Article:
"Kee" Points with Jim Kee, Ph.D.

The United Kingdom (UK) referendum is over, and a slight majority voted to exit the European Union (EU). A key concern is that this populist sentiment will spread, and that other EU countries, particularly the stronger ones like Germany, will follow the UK’s lead with referendums of their own. That’s possible, but it could also lead to a stronger recognition of their interdependence. It is important to remember that the UK has always had one foot out of the EU door, having never adopted the euro as their currency. Also, this election was about perceived loss of national sovereignty by British citizens. Populist uprisings by definition occur when ordinary citizens feel like they are being controlled by elites, but in the last century most of these have been against capitalism (particularly in Latin America), and the elites have been perceived to be large commercial enterprises. This situation is different; it is an uprising more against bureaucrats and bureaucracy. That’s an interesting aspect of this event that I find missing from the commentary.

At issue was the fact that being in the EU gave the UK (through the “single market”) access to over 440 million customers – almost half of their exports – and a strong inflow of capital or foreign direct investment (FDI) as well as workers. The UK was thought, by the losing “Remain” voters, to benefit from being a gateway to this “single market,” and they feared corporate relocations (i.e. exits) - particularly in financial services - if things changed. In contrast, the “Leave” voters felt that many of these benefits could be negotiated freely without EU membership because most of them are mutually beneficial, and because of the UK’s history of stability (law and order, established legal institutions, etc.). They also wanted stronger controls over immigration, a desire heightened by the European refugee crisis (the Schengen treaty of open borders across 26 EU countries has come under fire following terrorist attacks in Paris and Brussels- Lazard). Finally there was the issue with the EU budget, as Britain contributes more to the EU than it receives.

Nuts and bolts: This outcome is not binding, and by that I mean the UK must now choose to invoke the process to leave, which might not occur. There could even be a second referendum, or revote, down the road. No other country has actually exited the European Union so the process going forward is uncertain. In order to exit, the United Kingdom would have to invoke Article 50 of the Lisbon Treaty (2007), which describes the process of leaving the European Union. However, it is broad and general and lacks specifics. If Article 50 is invoked, then a two-year time frame is set in motion for negotiations and exit unless the EU member countries grant an extension (Lazard, Blackrock). So there are a lot of different potential outcomes for the UK. No doubt uncertainty will negatively influence business and consumer sentiment (particularly in Europe) in the short run. But I also expect that the global policy responses by the world’s key central banks will be strong, with high conviction and little hesitation. That’s important! While we have little experience with this specific type of shock, just as we had no experience with a historical US debt downgrade (2011), near-default (2013), Arab Spring, etc., we do have hard-earned experience at dealing successfully with shocks in general.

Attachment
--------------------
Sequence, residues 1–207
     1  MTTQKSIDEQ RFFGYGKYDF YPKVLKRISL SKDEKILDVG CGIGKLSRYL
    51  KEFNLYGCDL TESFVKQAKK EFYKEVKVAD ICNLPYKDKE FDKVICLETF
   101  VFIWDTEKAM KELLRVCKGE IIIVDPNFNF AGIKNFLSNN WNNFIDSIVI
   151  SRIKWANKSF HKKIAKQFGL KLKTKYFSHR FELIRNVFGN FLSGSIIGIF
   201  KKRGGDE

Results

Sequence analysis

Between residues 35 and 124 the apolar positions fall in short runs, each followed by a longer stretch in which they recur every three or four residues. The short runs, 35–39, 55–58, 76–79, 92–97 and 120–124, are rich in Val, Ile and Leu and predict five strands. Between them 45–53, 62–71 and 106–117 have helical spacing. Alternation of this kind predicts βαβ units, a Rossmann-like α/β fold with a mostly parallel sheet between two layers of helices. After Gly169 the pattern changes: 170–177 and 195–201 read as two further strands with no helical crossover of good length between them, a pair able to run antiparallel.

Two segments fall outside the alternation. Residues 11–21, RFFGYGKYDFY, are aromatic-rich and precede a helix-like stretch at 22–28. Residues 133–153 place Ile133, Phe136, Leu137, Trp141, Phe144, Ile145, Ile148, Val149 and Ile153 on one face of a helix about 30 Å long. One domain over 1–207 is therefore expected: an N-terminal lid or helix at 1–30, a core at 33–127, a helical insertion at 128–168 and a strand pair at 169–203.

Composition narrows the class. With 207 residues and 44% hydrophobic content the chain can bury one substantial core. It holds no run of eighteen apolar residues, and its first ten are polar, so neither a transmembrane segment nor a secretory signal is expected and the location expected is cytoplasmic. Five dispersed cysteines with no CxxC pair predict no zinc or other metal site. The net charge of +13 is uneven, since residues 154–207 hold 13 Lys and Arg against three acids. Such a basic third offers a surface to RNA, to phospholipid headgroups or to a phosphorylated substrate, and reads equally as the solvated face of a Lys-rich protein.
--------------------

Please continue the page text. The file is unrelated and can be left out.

Consistent and ordered? The vote to leave was a surprise, but markets had been pricing in some uncertainty around the event. Of course, markets tend to overshoot and undershoot a lot in the short-term, but I find the markets behavior thus far fairly consistent with expectations. Repricing has occurred as new information has been revealed. As for making changes in your investment strategy, remember that it is rarely helpful to sell today what you wish you sold yesterday (Yardeni). That just makes you a victim of volatility. A good rule for investors to keep in mind is that uncertainty leads to volatility, and volatility leads to opportunity. And high quality bonds experienced positive gains as markets sold off, which is why you own them (other safe haven assets, like the dollar, experienced gains as well). All-equity investors should always keep their eye on longer-term horizons and resist the urge to react to current shocks. That’s a proven formula for disappointing long-term results.